There are huge narrative problems as well. Since the Sentinel designs were drawn up from Stark’s Civil War files, a major plot point is that the Sentinels can only target heroes, making Magneto immune to their snares. This… makes little sense, since Magneto has been allied with the X-Men several times in the past, even leading them on occasion. Secondly, a good number of baddies ended up in Stark’s employ during Civil War, so why wouldn’t Stark have files on them? It all leads to the big reveal on the final page, which is an interesting swerve, but I’m not sure how it will possibly make sense. Rick Remender is a writer who is best when he is playful with the nonsensical conventions of the superhero comics he writes. It was evident in the gleeful insanity of FrankenCastle, and in the way he found gold in the twisted depths of 90s X-continuity in Uncanny X-Force. It’s a shame that Axis feels so deadly serious, when that tone is at odds with the ridiculous trappings of the story. A towering, octopus-tentacled, devil-horned Red Skull in Onslaught armor is an over-the-top construction in anyone’s hands. Frequently, Remender has been able to blend the ridiculous with the heavy, but his usual deftness is missing in Avengers & X-Men: Axis #2.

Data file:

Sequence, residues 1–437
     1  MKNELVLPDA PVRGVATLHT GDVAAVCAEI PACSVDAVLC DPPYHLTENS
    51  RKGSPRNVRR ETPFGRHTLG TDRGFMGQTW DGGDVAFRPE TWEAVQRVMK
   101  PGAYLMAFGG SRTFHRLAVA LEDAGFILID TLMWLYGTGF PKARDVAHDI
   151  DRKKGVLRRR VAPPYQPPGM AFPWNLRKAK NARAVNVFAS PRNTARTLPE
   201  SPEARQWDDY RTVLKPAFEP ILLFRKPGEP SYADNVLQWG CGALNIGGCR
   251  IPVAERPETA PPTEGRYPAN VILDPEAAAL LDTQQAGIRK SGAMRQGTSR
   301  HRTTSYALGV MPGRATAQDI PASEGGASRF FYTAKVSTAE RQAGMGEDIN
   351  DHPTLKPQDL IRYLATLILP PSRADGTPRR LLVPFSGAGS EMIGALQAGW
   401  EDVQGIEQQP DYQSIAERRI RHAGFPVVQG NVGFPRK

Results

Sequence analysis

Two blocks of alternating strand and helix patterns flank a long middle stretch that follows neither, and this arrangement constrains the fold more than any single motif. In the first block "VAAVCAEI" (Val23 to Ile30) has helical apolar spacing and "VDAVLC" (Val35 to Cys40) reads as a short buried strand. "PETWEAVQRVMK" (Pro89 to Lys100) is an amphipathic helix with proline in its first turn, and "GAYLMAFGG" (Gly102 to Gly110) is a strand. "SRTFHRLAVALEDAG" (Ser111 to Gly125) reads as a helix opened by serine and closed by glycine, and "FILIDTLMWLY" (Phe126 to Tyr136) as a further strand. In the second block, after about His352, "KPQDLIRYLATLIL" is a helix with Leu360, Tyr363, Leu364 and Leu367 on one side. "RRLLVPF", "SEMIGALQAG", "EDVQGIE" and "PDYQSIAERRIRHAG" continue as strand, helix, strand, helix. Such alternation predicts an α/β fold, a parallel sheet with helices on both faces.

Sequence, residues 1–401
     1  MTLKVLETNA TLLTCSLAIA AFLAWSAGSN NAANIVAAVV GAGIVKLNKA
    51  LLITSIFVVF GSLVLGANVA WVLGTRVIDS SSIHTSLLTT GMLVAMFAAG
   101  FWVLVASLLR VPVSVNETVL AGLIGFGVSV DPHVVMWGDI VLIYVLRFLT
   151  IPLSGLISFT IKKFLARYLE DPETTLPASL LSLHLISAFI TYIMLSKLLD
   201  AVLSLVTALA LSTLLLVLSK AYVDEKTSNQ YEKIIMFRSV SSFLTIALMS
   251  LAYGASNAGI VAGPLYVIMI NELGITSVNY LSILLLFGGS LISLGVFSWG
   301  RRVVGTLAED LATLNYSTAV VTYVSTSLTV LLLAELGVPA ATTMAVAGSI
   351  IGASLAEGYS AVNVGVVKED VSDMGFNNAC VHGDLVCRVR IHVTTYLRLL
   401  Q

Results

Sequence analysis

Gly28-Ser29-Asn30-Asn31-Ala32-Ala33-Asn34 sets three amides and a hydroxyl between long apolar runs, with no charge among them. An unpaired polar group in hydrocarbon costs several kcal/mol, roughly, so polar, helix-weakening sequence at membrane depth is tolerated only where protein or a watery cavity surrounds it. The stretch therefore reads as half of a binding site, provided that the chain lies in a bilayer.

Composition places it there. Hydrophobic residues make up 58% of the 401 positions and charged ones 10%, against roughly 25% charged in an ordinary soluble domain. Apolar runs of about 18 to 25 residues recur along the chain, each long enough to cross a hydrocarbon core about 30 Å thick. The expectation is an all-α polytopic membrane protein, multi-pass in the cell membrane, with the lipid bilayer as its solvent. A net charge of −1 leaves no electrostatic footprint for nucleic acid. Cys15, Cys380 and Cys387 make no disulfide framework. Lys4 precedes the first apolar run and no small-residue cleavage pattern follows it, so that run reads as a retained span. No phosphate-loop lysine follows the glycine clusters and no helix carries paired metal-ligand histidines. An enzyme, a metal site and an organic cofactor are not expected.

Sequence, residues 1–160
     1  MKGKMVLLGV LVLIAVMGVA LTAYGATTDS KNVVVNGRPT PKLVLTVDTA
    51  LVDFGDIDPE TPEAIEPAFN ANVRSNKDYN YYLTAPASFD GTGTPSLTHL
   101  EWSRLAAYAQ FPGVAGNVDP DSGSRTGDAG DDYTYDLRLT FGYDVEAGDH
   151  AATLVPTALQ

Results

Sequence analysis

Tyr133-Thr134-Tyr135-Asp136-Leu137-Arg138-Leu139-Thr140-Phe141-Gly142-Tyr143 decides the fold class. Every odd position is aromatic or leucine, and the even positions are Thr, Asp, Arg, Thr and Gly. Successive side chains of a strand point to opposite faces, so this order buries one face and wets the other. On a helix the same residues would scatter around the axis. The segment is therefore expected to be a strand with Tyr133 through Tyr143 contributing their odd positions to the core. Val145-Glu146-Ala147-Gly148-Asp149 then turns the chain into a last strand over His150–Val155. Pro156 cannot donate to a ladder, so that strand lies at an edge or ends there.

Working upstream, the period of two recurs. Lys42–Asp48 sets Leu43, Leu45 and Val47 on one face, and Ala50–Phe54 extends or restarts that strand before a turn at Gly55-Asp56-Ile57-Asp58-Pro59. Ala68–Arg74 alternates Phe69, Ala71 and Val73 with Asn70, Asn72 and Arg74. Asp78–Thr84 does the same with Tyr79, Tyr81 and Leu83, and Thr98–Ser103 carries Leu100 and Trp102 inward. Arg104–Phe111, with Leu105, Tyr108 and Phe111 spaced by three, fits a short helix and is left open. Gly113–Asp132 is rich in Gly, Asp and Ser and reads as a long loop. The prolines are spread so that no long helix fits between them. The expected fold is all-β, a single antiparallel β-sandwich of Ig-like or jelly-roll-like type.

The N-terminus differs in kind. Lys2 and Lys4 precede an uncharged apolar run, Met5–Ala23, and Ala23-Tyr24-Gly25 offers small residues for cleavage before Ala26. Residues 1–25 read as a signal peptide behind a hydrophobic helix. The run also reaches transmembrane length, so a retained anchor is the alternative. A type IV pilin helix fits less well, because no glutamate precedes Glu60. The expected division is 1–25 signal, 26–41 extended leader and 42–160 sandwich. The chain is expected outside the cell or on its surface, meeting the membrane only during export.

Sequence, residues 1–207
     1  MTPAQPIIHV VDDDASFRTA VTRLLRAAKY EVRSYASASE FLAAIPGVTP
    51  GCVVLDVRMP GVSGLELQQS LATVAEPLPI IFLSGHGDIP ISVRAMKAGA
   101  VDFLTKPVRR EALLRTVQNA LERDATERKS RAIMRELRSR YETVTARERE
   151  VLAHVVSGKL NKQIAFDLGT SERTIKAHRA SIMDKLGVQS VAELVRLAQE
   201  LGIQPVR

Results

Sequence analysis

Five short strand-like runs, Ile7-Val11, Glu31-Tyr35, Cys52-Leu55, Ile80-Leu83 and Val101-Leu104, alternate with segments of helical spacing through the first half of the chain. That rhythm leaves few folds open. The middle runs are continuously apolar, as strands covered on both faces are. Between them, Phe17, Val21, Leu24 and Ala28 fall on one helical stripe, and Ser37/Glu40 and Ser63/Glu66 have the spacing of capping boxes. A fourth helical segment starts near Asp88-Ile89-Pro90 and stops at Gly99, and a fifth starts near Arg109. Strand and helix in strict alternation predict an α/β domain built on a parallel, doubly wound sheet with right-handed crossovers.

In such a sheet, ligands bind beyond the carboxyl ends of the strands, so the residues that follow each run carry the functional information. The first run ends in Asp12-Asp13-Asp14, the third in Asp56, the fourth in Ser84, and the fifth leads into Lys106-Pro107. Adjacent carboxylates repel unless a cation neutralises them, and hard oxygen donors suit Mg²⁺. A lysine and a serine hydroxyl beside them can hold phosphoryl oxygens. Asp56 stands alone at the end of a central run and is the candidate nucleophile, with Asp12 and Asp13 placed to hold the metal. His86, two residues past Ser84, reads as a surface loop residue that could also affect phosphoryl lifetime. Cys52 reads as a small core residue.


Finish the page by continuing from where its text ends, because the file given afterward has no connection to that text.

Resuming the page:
The battle is fought entirely in the muck and mud of Red Skull’s Genoshan concentration camps, during a rain storm. It’s a dull setting for a fight. The colorists do a good job punching up the action with fluorescent colors for the heroes’ powers, but the monotony of the setting still underscores the slog of the story. Adam Kubert is mostly on-point with the action sequences, although there are a few moments where I was not sure quite what the heroes were doing. He also provides plenty of detail, which does liven the setting somewhat. And I hate the character design of Red Onslaught – the demon horns and tentacles are just too much and inexplicable from a character standpoint. The Stark Sentinels are neat, though. The art as a whole ends up being a mixed bag, not enough to drag anything down, but it doesn’t redeem the lackluster story either.